Top Gear was never designed for consumers, it was designed for guys like me who could sit all day and watch Clarkson push a car to it's limit around a track, and enjoy the antics of Clarkson, Hammond and May play off each other. It never pretended to be anything else. It was designed to entertain. The show wasn't perfect, but it sure was fun to watch...

Edited by bigvalboy

the greatest beauty is

Organic wholeness, the wholeness of life and things,

the divine beauty of the universe.

Love that, not man apart from that,

or else you will share man’s pitiful confusions,

or drown in despair when his days darken."

 

- Robinson Jeffers

 

B e l i e v e

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Top Gear was never designed for consumers, it was designed for guys like me who could sit all day and watch Clarkson push a car to it's limit around a track, and enjoy the antics of Hammond and May play off each other. The show wasn't perfect, but it sure was fun to watch...

Sure. Just not a reliable source of information about cars, in the way that C&D or Motor Trend might be viewed.

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Pure joy...

 

 

I've owned/driven my share, but the streets and canyons of LA were not conducive to the kind of fun you could see on Top Gear, though it wasn't for lack of trying. Working Latigo canyon to PCH was amazing, but it had it's limitations, so many of us lived vicariously through the Top Gear crew.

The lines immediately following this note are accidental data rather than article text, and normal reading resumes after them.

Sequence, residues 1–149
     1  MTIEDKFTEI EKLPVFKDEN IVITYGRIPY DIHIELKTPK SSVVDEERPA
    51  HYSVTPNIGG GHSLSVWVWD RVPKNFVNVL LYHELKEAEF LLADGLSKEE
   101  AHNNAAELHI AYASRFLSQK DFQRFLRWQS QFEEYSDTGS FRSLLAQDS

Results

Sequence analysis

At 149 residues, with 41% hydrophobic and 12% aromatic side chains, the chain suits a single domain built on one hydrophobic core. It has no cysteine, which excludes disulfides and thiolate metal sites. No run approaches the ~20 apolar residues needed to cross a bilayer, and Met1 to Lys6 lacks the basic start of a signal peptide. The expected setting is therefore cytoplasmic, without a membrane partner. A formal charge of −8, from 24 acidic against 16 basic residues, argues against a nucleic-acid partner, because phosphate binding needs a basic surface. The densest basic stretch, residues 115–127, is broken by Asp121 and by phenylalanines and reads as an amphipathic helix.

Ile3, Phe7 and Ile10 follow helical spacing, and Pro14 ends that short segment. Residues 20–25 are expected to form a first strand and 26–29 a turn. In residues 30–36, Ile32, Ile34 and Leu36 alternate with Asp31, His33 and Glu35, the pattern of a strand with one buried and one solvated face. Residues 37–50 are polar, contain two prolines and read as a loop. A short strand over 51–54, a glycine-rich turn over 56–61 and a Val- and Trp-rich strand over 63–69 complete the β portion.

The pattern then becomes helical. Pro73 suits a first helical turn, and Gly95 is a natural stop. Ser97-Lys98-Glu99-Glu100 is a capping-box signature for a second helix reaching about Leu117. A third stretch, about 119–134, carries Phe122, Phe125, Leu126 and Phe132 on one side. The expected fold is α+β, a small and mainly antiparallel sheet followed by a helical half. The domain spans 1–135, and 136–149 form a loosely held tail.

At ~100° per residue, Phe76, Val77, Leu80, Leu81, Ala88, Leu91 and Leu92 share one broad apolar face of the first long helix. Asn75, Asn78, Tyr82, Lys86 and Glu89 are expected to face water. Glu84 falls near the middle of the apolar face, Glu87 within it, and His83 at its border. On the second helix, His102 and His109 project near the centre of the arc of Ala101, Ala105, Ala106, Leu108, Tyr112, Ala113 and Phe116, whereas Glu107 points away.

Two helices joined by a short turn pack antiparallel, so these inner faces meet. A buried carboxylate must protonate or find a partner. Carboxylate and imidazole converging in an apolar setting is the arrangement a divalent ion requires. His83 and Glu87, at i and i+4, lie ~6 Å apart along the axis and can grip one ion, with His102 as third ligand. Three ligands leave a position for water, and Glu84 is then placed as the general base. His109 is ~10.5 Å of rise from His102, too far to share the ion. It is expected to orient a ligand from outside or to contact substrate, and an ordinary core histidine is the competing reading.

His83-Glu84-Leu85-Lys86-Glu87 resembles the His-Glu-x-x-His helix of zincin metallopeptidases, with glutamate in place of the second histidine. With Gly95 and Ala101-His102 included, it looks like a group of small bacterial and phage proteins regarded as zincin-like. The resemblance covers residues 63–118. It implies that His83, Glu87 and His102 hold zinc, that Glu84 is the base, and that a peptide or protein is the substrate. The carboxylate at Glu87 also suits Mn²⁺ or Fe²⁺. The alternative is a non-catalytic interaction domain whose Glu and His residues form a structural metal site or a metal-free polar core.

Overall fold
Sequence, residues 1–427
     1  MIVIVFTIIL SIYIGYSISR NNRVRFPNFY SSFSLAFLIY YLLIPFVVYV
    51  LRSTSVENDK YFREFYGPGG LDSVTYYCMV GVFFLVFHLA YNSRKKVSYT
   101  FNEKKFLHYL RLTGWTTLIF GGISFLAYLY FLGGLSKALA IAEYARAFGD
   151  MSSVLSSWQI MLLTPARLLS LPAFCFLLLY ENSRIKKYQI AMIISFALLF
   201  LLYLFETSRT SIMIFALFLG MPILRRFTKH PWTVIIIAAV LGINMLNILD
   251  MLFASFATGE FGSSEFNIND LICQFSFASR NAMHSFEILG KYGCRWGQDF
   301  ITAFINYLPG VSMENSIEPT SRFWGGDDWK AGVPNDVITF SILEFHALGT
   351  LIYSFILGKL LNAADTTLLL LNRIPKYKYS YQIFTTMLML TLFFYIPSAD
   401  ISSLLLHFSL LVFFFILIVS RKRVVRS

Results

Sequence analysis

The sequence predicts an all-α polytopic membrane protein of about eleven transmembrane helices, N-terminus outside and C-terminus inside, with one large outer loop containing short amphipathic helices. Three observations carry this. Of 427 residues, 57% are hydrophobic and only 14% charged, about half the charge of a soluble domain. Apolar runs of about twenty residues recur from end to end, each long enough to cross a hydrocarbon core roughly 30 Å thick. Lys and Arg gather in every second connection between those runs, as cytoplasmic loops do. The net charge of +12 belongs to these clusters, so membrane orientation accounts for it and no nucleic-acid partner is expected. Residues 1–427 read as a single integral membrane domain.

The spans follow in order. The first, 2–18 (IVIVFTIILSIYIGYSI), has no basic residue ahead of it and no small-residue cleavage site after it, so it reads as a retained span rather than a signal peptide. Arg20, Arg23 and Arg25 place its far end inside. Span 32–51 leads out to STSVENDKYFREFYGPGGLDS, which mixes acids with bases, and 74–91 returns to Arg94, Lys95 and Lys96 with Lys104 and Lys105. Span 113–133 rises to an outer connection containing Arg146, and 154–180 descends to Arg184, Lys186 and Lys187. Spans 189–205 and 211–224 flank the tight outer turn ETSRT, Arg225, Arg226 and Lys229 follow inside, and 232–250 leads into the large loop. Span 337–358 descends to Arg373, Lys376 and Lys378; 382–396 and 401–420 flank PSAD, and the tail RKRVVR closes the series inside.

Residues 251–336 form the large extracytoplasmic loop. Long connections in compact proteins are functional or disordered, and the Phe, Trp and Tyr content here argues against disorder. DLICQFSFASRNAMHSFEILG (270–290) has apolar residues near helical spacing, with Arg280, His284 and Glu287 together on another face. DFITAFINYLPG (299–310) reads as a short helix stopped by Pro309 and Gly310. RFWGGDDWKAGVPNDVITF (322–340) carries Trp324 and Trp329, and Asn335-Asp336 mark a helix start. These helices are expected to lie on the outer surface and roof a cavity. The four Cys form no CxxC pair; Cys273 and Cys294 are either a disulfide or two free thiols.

Edited by bigvalboy

the greatest beauty is

Organic wholeness, the wholeness of life and things,

the divine beauty of the universe.

Love that, not man apart from that,

or else you will share man’s pitiful confusions,

or drown in despair when his days darken."

 

- Robinson Jeffers

 

B e l i e v e

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I much prefer the genuine expertise and excitement provided by Tiff Needell and Vicki Butler-Henderson myself.

 

 

Well there you go. There's something for everyone... though I missed the expertise part. Maybe it was when she was sliding the M5 sideways around every turn and smoking the tires, since we all know that's the fastest way around a track...

Edited by bigvalboy

the greatest beauty is

Organic wholeness, the wholeness of life and things,

the divine beauty of the universe.

Love that, not man apart from that,

or else you will share man’s pitiful confusions,

or drown in despair when his days darken."

 

- Robinson Jeffers

 

B e l i e v e